It was the sign that hooked me. There it was, a simple hand-painted sandwich board straddling the median on Wisconsin Avenue in Bethesda. Its message was direct: PIT BBQ. An arrow pointed right.
I turned right.
I eventually ran right into Hardy’s, a big white truck parked just outside the Montgomery Farm Women’s Cooperative. The truck is where you meet Roxie. She takes your order, serves up sides, and shouts to her husband what meats you want. Her husband, Corries Hardy, is just a few feet away, tending his large portable smoker crammed with three tiers of juicy meats, including sausage, ribs, brisket, turkey, and pork.
I immediately start asking him the usual barbecue-geek questions: What kind of wood does he use? How long does he smoke his various meats? Does he use a rub?
His answers are brief and friendly (though his tone understandably suspicious of a stranger asking waaaay too many questions): He uses apple wood only. He likes its sweet scent. (Don’t get him started on hickory.) Hardy has created his own special brown sugar-based rub, which is adapted from his grandfather’s recipe. He smokes his brisket for about seven hours and his ribs for about three.
His style of barbecue, like his rub, is inspired by his grandfather’s work at the smoker in Florida. It’s the kind of slow-smoked ‘cue that doesn’t play up the smoke. Which explains why he keeps his pit constantly open.
I politely tell Hardy that I’ve spent a lot of time in Texas and have grown accustomed to its style of barbecue. I’m speaking in code, of course. I’m signaling my bias and giving myself an easy out, should I not prefer Hardy’s ‘cue. After all, this former Army man towers above me like a skyscraper. His arms look like the thighs of an Olympic sprinter. He wears a straw hat. He reminds me of Alex Karras in Blazing Saddles, and I wasn’t interested in being the horse that takes his punch, particularly after the pitmaster offered me a free sample of his brisket (not that smokey but tender and sweet).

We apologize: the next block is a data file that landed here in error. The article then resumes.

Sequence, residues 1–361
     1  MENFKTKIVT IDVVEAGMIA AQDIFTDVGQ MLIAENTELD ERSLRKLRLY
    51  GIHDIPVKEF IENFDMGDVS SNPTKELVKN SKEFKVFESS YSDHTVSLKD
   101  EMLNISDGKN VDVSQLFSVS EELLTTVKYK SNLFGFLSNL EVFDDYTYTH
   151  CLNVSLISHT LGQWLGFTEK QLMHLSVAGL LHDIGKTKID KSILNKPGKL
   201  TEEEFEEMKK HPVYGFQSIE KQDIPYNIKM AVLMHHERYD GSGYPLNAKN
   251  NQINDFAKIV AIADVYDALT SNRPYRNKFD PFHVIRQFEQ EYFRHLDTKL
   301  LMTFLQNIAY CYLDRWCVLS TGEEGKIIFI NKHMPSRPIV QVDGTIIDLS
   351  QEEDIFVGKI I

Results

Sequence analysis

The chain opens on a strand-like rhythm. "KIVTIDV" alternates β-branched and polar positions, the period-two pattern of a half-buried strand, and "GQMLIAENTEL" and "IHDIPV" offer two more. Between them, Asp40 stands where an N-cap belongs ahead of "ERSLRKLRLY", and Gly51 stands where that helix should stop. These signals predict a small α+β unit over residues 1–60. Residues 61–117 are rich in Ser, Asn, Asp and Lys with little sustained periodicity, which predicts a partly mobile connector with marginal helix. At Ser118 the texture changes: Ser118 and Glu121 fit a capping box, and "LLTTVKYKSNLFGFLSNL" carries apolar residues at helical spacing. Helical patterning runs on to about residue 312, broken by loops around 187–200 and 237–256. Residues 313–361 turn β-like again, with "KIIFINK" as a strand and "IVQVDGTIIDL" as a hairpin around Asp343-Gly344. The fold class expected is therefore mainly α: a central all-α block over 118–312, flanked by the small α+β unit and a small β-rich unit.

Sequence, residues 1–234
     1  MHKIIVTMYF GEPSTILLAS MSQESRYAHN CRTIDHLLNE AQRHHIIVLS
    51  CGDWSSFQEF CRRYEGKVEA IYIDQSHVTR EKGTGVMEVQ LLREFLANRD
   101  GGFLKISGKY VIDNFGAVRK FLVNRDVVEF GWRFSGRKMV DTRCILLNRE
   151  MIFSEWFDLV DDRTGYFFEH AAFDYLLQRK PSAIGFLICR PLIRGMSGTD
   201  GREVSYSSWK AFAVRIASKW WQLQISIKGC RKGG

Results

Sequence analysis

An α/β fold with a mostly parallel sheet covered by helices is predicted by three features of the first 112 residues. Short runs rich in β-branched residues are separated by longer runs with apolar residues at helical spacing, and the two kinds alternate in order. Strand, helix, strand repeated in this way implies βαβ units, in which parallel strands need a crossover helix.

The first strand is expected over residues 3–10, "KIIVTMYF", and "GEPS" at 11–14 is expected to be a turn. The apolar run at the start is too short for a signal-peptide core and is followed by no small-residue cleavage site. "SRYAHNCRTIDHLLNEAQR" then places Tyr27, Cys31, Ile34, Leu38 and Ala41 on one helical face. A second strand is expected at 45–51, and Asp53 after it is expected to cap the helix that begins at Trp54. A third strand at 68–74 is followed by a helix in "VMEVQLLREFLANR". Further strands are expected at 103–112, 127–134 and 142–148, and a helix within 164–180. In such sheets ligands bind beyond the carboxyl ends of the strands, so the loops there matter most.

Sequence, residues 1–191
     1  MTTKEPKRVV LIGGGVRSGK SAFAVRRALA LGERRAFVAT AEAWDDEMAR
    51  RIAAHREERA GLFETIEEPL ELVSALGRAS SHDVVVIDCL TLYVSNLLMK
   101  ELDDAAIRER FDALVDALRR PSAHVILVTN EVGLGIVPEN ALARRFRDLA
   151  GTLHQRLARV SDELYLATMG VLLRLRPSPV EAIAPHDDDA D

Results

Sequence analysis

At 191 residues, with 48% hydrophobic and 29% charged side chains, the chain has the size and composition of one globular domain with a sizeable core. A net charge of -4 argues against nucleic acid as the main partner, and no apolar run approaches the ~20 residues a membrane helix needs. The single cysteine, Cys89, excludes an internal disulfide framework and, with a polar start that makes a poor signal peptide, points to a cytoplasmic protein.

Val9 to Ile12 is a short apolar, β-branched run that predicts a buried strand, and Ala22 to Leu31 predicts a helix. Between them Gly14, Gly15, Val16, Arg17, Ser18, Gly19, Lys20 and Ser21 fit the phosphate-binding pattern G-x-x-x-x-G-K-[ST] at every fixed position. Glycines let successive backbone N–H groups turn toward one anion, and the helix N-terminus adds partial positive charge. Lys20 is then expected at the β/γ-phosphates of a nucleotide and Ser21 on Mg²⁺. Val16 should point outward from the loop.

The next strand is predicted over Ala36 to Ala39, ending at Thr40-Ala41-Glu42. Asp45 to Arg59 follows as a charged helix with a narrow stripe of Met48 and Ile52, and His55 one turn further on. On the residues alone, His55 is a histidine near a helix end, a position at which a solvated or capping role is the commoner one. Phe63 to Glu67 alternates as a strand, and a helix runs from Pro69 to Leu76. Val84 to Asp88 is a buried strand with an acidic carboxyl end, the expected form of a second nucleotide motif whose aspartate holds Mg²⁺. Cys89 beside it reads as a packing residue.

I then bought some ribs; I would have bought more, but I had just eaten lunch. Hardy gave me an extra rib. (Man, if I didn’t like his ‘cue now, I figured I was destined to be dog food.)
Hardy’s ribs are indeed sweet. But they also have an excellent chew. They require some jaw work to remove the meat from the bone, just the way I like ’em. But the surprise came from Hardy’s sauce, which starts with a sweet hit of what tastes like cider vinegar, but resolves into this welcome blast of heat.
It might not be my preferred style of barbecue, but I could appreciate its craft. This is a pitmaster who has dedicated himself to his own personalized style of barbecue, down to the custom-made rub and the home-made sauce. There is a meticulousness and singularity of purpose here that I can fully embrace. These are the traits of the finest pitmasters, from North Carolina to Central Texas. The fact that my heart and palate will forever belong to Lone Star State ‘cue is not Corries Hardy’s fault.
Hardy’s barbecue is available from 9 a.m. to 4 p.m. Saturday and Sundays near the Montgomery Farm Women’s Cooperative at Willow and Wisconsin streets in Bethesda.